The Effect of shading always shows impact on generation of the solar PV system. In this regard, I am giving you brief about shading and its effects on generation of the solar system.
Soft shading can be described as simply lowering the intensity of the irradiance levels, without causing any form of visible separation of shaded and unshaded regions. A great example of soft shading would be due to cirrus or stratus clouds evenly blocking out some, but not all of the sunlight. Soft shading cast on a PV cell will cause the cell’s current output to proportionally drop. As long as there is enough light (~50W/m2), the voltage output of the cell will remain unchanged and only the current output will diminish. The voltage of the PV cell depends more on temperature and the electron band-gap in the materials than on the light itself.
Hard shading is created when a physical object, such as a telephone pole, or tree is physically obstructing the sunlight, creating obvious visible regions of lit and unlit cells on the array. It’s a lot more difficult to describe how hard shade affects a PV cell, as the physical geometry of the shade comes into play. As long as there is a solid strip or channel of illuminated material between two electrodes on a PV cell, there will be some electric current. The current is proportional to the surface area of the cell that was illuminated and the shape of the shadow does not appear to matter as much as the area of the shadow. However, certain shapes of shading would create narrow areas of illumination in which the current would squeeze and be focused in the narrow illuminated portions of the cell, creating areas of extremely high temperature, known in the industry as “hot spots.” These hot spots in very rare cases have been known to cause burn-outs and small fires within modules, as they may have the current from an entire module being pinched into a very tiny area of solar cell.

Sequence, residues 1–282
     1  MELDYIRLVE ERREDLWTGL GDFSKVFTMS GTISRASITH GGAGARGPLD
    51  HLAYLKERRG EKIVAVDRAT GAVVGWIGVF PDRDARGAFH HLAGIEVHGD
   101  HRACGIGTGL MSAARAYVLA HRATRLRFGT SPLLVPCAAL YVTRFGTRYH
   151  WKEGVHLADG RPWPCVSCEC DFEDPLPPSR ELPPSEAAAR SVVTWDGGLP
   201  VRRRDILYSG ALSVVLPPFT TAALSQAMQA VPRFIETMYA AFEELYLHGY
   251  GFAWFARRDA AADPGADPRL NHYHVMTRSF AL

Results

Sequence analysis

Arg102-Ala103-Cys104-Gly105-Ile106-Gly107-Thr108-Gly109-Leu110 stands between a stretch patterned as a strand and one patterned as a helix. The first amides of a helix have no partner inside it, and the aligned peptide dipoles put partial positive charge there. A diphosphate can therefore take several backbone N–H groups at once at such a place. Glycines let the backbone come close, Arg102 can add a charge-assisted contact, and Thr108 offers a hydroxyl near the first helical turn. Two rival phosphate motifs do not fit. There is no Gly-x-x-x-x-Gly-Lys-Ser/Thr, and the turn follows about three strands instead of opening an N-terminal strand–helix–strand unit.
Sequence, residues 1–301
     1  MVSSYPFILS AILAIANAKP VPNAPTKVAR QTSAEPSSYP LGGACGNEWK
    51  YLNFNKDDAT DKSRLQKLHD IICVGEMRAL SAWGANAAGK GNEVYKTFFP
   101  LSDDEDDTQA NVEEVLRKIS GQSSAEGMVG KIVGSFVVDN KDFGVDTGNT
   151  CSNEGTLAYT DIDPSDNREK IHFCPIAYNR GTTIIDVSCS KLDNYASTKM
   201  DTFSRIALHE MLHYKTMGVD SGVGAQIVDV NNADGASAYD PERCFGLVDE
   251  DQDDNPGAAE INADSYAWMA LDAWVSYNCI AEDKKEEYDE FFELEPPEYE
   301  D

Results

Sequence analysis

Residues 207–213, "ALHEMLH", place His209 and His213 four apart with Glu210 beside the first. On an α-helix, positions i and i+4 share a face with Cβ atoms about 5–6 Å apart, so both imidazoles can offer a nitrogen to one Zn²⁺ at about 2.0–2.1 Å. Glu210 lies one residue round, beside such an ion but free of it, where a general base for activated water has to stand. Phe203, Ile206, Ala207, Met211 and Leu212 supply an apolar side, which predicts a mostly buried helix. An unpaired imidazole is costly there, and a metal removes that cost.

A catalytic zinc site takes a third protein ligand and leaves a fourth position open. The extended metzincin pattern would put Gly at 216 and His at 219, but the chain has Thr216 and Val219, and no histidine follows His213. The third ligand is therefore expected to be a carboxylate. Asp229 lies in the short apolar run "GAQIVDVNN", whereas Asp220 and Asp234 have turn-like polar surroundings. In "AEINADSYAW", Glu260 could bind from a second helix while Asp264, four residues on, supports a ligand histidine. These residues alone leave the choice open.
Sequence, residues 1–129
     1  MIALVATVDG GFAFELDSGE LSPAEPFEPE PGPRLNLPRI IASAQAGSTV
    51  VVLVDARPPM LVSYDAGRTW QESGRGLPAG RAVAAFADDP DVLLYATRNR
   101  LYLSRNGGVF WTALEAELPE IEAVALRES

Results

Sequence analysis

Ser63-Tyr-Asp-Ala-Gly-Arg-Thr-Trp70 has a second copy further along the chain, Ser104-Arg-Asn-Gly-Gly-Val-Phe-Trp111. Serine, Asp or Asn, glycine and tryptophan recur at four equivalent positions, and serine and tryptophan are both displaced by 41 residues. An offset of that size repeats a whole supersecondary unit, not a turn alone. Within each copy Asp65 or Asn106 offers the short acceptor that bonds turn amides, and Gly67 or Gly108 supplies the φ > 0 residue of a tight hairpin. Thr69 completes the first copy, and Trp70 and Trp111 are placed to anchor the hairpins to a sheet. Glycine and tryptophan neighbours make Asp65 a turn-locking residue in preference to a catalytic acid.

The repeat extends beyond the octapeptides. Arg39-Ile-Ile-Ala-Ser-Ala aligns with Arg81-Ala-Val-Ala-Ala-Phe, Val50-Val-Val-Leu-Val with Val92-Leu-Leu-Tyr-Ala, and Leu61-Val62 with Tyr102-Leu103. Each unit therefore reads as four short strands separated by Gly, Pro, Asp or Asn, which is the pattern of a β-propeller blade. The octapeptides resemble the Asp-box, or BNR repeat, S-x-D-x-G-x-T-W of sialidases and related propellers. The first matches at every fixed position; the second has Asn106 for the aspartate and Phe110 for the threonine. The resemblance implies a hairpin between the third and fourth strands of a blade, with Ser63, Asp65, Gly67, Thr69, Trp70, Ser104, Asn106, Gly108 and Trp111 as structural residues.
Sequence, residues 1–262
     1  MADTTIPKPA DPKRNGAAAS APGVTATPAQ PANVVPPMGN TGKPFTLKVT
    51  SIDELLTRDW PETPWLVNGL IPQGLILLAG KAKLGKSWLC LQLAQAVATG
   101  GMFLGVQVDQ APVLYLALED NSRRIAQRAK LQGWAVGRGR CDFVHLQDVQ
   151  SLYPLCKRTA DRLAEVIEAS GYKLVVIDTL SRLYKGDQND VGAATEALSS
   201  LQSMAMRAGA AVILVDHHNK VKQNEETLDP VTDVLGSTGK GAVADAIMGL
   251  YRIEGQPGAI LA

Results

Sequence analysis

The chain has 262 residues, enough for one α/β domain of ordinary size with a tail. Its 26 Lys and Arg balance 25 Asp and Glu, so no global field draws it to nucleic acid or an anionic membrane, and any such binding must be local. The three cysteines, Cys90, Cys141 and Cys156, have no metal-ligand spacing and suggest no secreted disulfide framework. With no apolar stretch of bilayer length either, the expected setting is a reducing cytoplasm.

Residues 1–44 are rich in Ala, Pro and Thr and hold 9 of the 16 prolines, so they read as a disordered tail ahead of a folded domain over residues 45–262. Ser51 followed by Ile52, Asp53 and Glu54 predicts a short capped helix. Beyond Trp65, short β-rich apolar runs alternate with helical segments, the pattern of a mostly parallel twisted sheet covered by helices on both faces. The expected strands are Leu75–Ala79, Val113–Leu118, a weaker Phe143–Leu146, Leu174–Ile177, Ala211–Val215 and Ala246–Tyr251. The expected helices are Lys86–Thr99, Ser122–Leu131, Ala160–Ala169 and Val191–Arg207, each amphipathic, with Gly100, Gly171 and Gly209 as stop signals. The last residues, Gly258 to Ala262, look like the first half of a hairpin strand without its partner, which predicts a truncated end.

At the module level, several solar cells are connected in series, in order to increase their output voltage. Soft shade, cast on a module will still allow voltage to be generated, but less current will flow from the module. Hard shade cast on a portion of the area on a solar module will open the circuit, causing the voltage generated by the module to drop.
Strings of modules are again connected in series, where the current must be the same throughout all components. That means that without the bypass diodes, any shade on any cell in the string would cause the entire string to stop producing power entirely. Such a devastating loss of power had to be avoided, so typically three diodes are placed in along the solar cells. The diodes are placed in such a way they will allow current to flow through them only if the solar cells they bypass are shaded and opened. Since the diodes have a negligible voltage drop, there are very little losses induced by the diodes, so the only real loss from a shaded group of cells is whatever voltage they were providing.
It is important to note that voltage mismatch cannot occur on a single-string solar array, as there are no parallel string connections with which to create an “imbalance.” A solar array consisting of only one string of modules can only have current-mismatch effects applied to it. Casting hard shade on a single string will drop the voltage of the string, but the inverter will detect this drop and quickly adjust, seeking the new maximum power point.
As for the effects of these two different mismatches on the inverter, several outcomes are possible, depending on the software behavior of the inverter. The PV curve of the entire array exists as the series sum of the modules and the parallel sum of the strings. A shadow moving over the surface of several modules over time has the effect of constantly changing the PV curve from one smooth peak to more of a mountain range.As the peaks of the PV curve in the inverter change from the shade, the electronics that track the maximum power point can become confused or lost, causing the inverter to choose to operate for long periods of time well outside the optimal output range. This can cause significant loss of power output and eventually annual energy yield. There have been notable advancements in the methods and electronics of the inverters, as well as the birth of new technologies in order to deal with the complications brought on by shade.
As the peaks of the PV curve in the inverter change from the shade, the electronics that track the maximum power point can become confused or lost, causing the inverter to choose to operate for long periods of time well outside the optimal output range. This can cause significant loss of power output and eventually annual energy yield. There have been notable advancements in the methods and electronics of the inverters, as well as the birth of new technologies in order to deal with the complications brought on by shade.